A. A. Milne? Alfred E. Neuman? Winnie the Pooh? The Foolish Almanak? Theodor Rosyfelt? Anonymous?
People say nothing is impossible, but I do nothing every day.
I searched for this quote in The Complete Tales of Winnie-the-Pooh and was unable to find it. Perhaps it was used in one of the movies. Could you explore this funny statement?
Quote Investigator: The earliest evidence of this humorous remark located by QI appeared in 1906 in “The Foolish Almanak For Anuthur Year” by Theodor Rosyfelt. The book was filled with deliberate misspellings, and the author’s name may have been creatively altered. No attribution was given within the text for its prolix version of the jest: 1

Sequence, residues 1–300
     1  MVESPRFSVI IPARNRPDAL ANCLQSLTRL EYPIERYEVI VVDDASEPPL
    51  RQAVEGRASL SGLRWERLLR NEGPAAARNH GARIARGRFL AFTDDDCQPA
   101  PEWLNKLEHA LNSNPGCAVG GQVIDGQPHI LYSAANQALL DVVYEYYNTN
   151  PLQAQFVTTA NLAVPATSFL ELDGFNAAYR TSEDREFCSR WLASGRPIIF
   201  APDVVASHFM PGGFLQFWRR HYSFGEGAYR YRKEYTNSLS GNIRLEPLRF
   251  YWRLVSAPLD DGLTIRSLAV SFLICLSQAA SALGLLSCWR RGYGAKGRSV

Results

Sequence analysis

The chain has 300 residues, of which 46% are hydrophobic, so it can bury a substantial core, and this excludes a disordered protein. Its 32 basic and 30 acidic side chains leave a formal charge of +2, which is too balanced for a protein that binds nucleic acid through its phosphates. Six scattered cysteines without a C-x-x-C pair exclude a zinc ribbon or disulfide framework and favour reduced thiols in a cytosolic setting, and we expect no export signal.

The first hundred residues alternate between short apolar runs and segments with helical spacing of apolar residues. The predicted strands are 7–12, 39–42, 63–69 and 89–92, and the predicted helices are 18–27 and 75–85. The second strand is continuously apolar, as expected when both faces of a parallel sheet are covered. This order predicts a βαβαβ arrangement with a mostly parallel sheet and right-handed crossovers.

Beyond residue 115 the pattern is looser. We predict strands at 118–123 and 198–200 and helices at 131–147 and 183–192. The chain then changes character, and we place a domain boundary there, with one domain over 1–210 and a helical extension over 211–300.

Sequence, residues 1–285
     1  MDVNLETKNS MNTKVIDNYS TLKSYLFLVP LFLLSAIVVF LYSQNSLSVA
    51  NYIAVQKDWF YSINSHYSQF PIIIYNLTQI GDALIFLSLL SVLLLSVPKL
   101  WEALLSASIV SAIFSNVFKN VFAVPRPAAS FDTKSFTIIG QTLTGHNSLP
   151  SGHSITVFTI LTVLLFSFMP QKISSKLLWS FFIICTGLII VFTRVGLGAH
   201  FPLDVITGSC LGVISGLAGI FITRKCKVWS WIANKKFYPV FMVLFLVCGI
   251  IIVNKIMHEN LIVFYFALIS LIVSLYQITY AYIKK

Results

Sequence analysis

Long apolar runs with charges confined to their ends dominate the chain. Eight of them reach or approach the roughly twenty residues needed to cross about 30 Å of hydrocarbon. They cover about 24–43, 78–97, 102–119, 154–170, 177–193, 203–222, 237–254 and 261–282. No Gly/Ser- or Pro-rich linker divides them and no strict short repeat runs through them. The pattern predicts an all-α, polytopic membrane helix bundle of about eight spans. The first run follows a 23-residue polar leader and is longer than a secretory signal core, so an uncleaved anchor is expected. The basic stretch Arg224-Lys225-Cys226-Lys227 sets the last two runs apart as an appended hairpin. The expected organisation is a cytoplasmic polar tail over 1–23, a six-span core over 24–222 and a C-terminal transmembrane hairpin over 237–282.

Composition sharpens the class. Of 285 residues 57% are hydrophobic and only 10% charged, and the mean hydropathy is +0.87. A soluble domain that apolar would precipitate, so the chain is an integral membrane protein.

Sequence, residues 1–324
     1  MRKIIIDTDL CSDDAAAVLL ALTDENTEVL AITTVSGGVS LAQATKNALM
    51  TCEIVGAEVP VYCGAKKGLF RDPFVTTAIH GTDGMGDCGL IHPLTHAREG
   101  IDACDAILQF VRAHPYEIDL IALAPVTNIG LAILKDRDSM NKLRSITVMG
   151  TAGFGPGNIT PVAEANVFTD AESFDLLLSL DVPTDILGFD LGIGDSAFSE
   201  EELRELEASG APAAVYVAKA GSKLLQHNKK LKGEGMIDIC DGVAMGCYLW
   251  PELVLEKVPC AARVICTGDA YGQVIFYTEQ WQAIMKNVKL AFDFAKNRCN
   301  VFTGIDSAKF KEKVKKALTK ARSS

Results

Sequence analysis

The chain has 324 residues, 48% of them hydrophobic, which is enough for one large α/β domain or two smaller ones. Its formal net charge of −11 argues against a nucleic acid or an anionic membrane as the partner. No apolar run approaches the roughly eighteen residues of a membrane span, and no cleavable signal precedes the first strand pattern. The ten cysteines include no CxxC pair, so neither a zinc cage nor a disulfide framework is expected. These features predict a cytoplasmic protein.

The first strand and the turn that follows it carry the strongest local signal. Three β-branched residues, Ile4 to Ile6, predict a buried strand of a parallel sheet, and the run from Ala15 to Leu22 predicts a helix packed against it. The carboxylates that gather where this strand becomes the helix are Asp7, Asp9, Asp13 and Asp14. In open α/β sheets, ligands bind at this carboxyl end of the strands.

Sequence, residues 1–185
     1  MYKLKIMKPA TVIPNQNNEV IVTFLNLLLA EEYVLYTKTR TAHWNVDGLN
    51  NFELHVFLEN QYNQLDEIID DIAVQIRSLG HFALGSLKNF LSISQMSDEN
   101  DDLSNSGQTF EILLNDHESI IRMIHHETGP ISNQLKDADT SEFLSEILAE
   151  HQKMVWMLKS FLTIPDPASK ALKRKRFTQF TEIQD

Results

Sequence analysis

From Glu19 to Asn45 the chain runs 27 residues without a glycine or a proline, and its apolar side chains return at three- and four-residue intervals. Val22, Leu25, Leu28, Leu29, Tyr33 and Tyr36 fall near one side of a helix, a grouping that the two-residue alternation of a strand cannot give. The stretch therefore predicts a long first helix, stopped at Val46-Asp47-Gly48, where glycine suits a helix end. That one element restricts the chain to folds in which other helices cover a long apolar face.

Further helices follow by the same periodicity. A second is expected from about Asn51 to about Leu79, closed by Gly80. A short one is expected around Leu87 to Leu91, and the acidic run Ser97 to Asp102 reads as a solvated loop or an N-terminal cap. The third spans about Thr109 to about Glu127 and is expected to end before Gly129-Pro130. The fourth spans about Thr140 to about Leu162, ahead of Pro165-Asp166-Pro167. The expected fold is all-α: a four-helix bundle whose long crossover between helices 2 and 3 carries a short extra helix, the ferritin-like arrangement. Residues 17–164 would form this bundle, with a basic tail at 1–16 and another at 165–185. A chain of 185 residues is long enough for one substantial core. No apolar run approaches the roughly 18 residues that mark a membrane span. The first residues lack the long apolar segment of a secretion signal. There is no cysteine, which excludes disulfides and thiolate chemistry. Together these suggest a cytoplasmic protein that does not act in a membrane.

It is said that nothing is impossible; but there are lots of people doing nothing every day.
The first collection of Winnie-the-Pooh stories was published in 1926, so the joke was already in circulation before A. A. Milne’s children’s classic was released. In addition, QI has found no substantive evidence that Milne wrote or said this jest.
Here are additional selected citations in chronological order.